Use this URL to cite or link to this record in EThOS: http://ethos.bl.uk/OrderDetails.do?uin=uk.bl.ethos.631007
Title: Older adults' experiences of electroconvulsive therapy : an interpretative phenomenological analysis
Author: Stewart, Claire
Awarding Body: University of Glasgow
Current Institution: University of Glasgow
Date of Award: 2014
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Abstract:
Background: Electroconvulsive therapy (ECT) is prescribed in cases of severe and treatment resistant depression. Its efficacy in reducing depressive symptoms is well established, but due to uncertainty regarding its impact on cognitive functioning, remains one of the most controversial treatments in psychiatry. The experiences of patients undergoing ECT are rarely examined, and studies that have investigated this are generally conducted with younger adults using quantitative methods that may obscure the expression of complex attitudes. Aims: The present study investigates older adults’ experiences of ECT in Scotland using a qualitative methodology. Methods: Four older adults (over 65 years of age) who had experienced ECT within the last five years were interviewed. Interpretative Phenomenological Analysis (IPA) was used to explore participants’ experiences of ECT. Results: Three superordinate themes emerged from the data: experience of depression, power and control, and changing beliefs about ECT. Conclusions: Recommendations are made for clinicians and healthcare providers. 1) Information about ECT should be provided in an oral format on a one to one basis, 2) medical professionals should be alert to the possibility of coercion, 3) action should be taken to reduce anticipatory anxiety regarding ECT’s potential impact and 4) meeting patients for up to two sessions after undergoing ECT may be beneficial. These recommendations can be used to contribute to existing improvements in delivery of care and treatment for older adults receiving ECT.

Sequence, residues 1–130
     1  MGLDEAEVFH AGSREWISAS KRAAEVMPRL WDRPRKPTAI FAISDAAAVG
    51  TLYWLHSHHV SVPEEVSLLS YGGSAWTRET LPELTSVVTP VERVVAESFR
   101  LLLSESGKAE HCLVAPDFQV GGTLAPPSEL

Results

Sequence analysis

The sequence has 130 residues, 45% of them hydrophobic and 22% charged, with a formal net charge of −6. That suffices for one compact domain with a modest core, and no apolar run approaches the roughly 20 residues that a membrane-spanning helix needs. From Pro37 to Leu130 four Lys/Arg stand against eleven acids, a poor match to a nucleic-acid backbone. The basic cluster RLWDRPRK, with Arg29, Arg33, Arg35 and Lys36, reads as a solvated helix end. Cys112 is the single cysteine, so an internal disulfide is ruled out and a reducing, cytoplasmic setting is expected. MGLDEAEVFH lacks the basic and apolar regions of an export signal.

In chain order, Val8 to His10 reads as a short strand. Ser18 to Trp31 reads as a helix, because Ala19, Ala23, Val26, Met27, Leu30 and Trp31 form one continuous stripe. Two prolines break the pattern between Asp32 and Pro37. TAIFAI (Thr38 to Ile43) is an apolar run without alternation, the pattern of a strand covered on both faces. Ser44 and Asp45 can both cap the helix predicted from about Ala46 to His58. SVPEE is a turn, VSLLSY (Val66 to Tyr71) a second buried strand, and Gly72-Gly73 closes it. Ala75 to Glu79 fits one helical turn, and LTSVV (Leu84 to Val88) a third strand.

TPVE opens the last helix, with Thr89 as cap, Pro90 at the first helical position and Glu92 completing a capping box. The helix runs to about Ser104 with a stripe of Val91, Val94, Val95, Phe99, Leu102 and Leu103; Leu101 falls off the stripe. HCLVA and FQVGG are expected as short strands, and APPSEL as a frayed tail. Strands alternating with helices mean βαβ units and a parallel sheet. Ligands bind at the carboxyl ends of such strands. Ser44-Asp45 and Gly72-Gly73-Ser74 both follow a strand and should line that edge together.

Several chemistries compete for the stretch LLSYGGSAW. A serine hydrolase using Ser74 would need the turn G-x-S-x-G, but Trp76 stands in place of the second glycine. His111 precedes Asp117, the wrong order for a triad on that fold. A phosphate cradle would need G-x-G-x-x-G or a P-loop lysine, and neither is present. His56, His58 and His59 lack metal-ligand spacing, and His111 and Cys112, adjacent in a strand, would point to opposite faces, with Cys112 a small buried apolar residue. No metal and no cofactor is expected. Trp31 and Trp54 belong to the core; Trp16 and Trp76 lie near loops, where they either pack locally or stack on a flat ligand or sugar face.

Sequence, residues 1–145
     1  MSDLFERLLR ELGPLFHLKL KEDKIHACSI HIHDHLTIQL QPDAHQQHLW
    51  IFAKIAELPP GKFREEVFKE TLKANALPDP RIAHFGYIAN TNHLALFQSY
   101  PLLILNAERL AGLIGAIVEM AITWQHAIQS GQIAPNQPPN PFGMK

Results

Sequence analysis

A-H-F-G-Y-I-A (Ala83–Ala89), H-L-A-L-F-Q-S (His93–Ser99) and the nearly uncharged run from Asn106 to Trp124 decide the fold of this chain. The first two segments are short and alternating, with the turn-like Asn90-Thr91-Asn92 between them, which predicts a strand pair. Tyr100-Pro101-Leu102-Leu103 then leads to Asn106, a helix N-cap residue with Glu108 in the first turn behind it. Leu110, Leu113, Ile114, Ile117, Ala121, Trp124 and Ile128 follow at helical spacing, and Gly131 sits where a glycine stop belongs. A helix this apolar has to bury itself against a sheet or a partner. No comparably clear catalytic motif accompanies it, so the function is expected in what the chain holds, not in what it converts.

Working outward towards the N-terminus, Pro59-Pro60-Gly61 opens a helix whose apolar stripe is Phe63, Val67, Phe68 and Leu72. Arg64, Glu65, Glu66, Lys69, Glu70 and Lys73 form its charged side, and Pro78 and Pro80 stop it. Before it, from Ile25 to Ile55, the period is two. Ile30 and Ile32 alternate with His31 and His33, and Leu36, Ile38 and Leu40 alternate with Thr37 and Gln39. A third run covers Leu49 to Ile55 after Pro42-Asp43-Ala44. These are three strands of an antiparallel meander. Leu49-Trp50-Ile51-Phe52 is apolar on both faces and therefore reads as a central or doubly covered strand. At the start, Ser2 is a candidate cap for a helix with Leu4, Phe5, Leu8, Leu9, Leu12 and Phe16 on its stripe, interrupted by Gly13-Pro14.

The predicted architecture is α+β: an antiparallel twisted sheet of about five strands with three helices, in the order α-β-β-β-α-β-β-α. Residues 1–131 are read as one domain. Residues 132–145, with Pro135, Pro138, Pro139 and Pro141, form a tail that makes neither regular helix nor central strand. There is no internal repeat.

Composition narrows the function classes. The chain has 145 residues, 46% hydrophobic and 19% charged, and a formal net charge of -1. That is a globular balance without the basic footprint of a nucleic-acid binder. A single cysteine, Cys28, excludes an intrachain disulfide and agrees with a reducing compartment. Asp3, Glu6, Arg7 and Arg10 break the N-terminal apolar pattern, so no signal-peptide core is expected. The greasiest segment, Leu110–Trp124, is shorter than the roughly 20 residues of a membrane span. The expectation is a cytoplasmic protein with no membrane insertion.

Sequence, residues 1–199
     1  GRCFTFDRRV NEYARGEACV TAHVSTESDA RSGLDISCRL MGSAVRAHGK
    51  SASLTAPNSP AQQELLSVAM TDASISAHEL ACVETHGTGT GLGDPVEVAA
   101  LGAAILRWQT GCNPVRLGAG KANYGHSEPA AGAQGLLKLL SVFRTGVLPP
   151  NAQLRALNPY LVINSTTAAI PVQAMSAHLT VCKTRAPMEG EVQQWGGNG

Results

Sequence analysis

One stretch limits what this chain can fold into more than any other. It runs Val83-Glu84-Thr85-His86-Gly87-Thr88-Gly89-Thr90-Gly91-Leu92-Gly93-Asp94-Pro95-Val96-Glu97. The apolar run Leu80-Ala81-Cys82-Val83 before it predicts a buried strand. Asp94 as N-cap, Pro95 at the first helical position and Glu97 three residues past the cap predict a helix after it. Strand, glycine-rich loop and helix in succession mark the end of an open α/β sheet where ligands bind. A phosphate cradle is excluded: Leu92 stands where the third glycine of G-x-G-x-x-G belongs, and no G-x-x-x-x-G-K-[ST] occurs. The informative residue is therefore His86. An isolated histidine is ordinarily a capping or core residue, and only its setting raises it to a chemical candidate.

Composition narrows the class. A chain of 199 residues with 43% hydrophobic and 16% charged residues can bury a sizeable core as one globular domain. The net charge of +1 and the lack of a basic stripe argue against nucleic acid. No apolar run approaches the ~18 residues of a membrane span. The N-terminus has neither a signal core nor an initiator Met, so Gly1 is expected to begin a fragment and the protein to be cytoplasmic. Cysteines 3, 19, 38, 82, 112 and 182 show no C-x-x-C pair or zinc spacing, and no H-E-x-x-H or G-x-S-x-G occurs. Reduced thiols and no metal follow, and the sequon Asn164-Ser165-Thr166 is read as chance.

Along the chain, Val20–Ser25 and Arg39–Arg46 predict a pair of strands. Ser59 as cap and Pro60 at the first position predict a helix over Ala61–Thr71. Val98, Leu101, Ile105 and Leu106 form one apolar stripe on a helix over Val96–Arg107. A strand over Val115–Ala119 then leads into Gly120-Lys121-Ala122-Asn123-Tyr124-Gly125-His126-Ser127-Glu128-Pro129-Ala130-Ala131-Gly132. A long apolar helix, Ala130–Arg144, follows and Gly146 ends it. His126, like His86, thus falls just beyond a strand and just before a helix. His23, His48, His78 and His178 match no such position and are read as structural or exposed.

Supervisor: Not available Sponsor: Not available
Qualification Name: Thesis (D.Clin.Psy.) Qualification Level: Doctoral
EThOS ID: uk.bl.ethos.631007  DOI: Not available
Keywords: BF Psychology
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